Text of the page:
The Japanese language proficiency test is used to evaluate and certify non-native speakers ability with the language. While the highest levels such as N2 and N1 are necessary for working in sectors such as translation, healthcare, and business, many take the test simply to gauge their progress with the language.
Personally, I’ve never bothered taking it, even though I’ve been living in Japan for two years. My job doesn’t require me to learn it, everyone of my JTE’s (Japanese teacher’s of English) i work with speak perfect English, and I found making friends in Japan to be relatively simple, even with a limited vocabulary. So why should I bother taking it?
Let’s get philosophical for a bit. What do you think motivates people more, positive experiences or negative ones? I would have to say negative ones influence people more in the long term while positive experiences influence people in the short term. Let me explain.
After two years of being the only foreigners at my school, i’ve gotten used to being “out of the loop” on a lot of things.
- Situation #1: You don’t realize that today your classes have been switched because of the assembly. This is important information; however your JTE was too busy to inform you because well, she is not your mom. And even if she were, she be too busy to tell you anyways. But it’s your fault dude, if only you studied harder you could have understood the morning staff meeting.
- Situation #2: It’s the farewell enkai (drinking party). One of your favorite Japanese teachers is leaving, and he is giving his farewell speech. You understand bits and pieces, but mostly you’re gathering information by the feeling of his voice and people’s reactions. You see a tear roll down his eye, and you wonder exactly what he expressed in his speech.
- Situation #3: Teachers around you are talking and they are making jokes about some of the students in their class, perhaps the same trouble student you’ve also taken issue with. Suddenly everyone starts laughing hysterically over… something. But you missed a step there. Why are they laughing, you wonder. This situation can happen at almost any time and anywhere, of course!
Honestly, living in Japan and not knowing Japanese can leave me feeling quite vulnerable, stressed, and maybe even paranoid. This naturally has become a huge motivator for me to study the language even harder. I want to be able to speak with my coworkers and to understand daily life around me without relying on my JTE’s for everything.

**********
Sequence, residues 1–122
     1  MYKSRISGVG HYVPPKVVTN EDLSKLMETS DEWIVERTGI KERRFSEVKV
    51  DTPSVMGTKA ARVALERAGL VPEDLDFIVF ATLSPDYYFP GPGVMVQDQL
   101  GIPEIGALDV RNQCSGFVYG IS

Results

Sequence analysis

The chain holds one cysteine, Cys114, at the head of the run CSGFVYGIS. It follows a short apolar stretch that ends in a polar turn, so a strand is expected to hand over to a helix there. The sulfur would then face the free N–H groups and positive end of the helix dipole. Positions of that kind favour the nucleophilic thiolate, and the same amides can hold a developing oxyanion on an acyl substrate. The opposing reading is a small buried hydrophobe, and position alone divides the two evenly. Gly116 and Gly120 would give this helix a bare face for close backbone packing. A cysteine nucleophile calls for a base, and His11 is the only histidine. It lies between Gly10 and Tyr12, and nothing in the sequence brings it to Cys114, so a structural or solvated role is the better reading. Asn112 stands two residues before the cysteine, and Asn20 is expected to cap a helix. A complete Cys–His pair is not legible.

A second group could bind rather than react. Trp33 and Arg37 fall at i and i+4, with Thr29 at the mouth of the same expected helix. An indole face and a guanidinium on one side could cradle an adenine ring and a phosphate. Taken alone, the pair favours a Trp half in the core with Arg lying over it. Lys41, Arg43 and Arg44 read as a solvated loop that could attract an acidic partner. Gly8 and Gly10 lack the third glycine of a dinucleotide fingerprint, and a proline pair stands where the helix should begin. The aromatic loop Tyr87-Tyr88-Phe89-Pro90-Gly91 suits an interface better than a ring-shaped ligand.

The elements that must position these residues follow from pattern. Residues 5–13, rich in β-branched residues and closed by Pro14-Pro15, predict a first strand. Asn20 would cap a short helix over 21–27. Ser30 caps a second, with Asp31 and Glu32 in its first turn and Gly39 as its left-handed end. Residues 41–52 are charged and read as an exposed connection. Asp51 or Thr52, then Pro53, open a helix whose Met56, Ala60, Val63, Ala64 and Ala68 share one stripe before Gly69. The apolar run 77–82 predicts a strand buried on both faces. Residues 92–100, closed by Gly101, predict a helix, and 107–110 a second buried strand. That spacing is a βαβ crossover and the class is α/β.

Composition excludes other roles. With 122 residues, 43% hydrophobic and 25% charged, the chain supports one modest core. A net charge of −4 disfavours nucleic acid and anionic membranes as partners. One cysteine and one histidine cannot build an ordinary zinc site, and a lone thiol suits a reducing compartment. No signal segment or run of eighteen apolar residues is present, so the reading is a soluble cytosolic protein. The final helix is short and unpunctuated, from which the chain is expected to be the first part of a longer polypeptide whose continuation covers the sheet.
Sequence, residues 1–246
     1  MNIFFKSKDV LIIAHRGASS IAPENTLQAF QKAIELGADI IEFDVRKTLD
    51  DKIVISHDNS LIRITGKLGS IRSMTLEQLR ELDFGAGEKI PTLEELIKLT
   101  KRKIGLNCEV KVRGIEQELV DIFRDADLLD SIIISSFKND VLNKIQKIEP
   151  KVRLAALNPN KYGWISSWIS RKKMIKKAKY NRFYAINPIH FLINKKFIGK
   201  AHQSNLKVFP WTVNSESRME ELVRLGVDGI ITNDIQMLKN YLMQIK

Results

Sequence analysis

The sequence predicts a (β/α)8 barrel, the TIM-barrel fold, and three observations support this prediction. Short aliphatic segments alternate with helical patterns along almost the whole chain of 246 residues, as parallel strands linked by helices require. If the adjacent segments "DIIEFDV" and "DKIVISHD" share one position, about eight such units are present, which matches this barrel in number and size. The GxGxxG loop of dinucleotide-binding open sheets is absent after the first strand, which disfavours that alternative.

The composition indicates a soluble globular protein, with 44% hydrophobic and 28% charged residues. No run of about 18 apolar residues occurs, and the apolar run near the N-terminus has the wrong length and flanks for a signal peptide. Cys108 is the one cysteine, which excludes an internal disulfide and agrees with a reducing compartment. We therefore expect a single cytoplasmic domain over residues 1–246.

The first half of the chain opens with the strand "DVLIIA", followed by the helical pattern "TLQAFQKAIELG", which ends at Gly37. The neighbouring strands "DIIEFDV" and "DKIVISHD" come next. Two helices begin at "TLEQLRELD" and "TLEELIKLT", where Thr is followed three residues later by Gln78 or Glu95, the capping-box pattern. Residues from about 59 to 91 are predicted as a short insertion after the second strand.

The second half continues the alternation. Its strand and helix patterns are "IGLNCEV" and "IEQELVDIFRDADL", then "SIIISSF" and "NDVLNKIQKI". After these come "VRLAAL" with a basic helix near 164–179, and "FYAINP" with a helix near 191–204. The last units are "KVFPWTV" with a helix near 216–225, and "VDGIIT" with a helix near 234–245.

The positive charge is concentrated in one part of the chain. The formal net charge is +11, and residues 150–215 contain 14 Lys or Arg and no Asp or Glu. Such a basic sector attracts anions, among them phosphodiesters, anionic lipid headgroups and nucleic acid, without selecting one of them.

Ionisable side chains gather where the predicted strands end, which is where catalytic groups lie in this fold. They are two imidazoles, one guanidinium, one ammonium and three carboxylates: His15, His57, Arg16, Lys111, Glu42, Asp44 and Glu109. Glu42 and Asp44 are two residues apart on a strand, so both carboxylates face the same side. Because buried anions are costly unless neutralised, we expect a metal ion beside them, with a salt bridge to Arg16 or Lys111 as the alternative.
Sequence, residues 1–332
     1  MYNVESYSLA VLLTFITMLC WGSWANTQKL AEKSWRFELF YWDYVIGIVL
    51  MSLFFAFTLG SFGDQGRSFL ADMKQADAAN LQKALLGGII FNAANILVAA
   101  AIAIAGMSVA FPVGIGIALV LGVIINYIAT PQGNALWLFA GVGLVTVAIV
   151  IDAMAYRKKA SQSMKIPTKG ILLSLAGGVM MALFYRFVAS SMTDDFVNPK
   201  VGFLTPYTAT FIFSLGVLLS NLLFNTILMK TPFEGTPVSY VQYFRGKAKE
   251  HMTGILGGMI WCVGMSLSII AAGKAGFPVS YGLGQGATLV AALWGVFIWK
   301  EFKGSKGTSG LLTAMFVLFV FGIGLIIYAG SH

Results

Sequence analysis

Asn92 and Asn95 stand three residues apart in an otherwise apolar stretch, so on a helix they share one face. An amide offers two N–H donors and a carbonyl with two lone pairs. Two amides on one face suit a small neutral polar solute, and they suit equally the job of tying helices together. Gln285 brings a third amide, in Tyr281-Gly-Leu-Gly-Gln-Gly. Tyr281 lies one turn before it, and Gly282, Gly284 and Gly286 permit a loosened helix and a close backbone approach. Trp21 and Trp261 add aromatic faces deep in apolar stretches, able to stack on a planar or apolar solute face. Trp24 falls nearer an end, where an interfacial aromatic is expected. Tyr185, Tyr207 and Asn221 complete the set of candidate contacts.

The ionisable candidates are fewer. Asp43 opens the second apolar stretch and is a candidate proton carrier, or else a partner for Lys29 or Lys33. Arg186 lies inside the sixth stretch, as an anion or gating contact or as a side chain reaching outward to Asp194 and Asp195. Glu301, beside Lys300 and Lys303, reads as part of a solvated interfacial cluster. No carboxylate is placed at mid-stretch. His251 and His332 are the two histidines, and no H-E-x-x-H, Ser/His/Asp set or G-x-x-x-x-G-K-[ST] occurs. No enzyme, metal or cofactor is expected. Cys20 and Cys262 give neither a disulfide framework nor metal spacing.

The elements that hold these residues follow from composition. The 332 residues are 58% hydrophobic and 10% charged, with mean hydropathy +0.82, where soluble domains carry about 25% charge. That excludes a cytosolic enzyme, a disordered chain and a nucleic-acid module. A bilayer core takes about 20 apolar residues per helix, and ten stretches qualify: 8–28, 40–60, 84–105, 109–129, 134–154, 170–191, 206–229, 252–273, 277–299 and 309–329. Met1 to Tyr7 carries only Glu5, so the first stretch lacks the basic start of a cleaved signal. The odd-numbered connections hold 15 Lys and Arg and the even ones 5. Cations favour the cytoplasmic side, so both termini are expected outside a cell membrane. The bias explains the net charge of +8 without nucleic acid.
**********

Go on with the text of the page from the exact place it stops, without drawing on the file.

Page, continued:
Now, let’s talk about some of the positive experiences that have motivated me to study Japanese. Although negative experiences influence us more than positive ones in the long term; i find that positive experiences can often be better in the short term. Here are three separate situations (intimately linked) that happened on the day I payed for my JLPT test!
- Situation 1: One of the Japanese teachers who doesn’t speak any English at my school invited me out for lunch. We all had a good time at the steak restaurant and I felt closer to my coworkers even though I was doing mostly listening to what they were talking about. He payed for the whole thing, and we agreed we should go out again. That was actually the second time he took us all out. I felt that we would become good friends in time despite the language barrier between us. As to say thanks, I went home to make brownies for him.
- Situation 2: Later that day, I go home and start making brownies only to realize that I need a baking pan, so I go to the Kirindo next to my apartment to find one. The Japanese lady there helped me find what I was looking for (as she always does). We couldn’t find the baking pan, so I asked if she had a screwdriver so I could take off the handle of frying pan at home. The store had zero screwdrivers, but she had one herself, so she actually let me borrow hers! I was flattered she trusted me with her own screwdriver. I had every intention of coming back the next day to return it with some brownies.
- Situation 3: The brownies are cooking thanks to the Kirindo lady helping me out. I head to the convenient store to pay for my JLPT test. At the screen I run into some trouble. I enter the application number to pay for the test, but it’s not registering. A bit stressed out, I let the guy behind me go ahead of me. He then took the time to help me figure out my application. A few times we weren’t sure what was wrong with it, only to figure out I was entering the wrong number. We laughed it off. Then I thanked him for helping me. He told me to try my best on the exam, and then I walked away feeling extremely motivated to study hard for it, as if the universe was trying to deliver a message to me: 頑張って.
So while my negative experiences have ultimately motivated me to study for months and months at a time, It wasn’t until recently it frankly hasn’t been enough. However, luckily, thanks to the few individuals I mentioned, these positive experiences have given me a new surge of energy to take on the N3 this December with full force. I hope to meet more people who will bring me joy as these few individuals have.
Message received: 頑張ります！